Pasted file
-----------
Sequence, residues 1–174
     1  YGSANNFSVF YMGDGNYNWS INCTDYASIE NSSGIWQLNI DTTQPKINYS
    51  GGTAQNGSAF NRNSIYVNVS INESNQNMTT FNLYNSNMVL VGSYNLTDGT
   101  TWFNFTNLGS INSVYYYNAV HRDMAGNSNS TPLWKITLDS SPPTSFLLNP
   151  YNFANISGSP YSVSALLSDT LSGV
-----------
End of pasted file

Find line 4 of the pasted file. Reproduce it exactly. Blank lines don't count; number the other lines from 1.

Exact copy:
   101  TWFNFTNLGS INSVYYYNAV HRDMAGNSNS TPLWKITLDS SPPTSFLLNP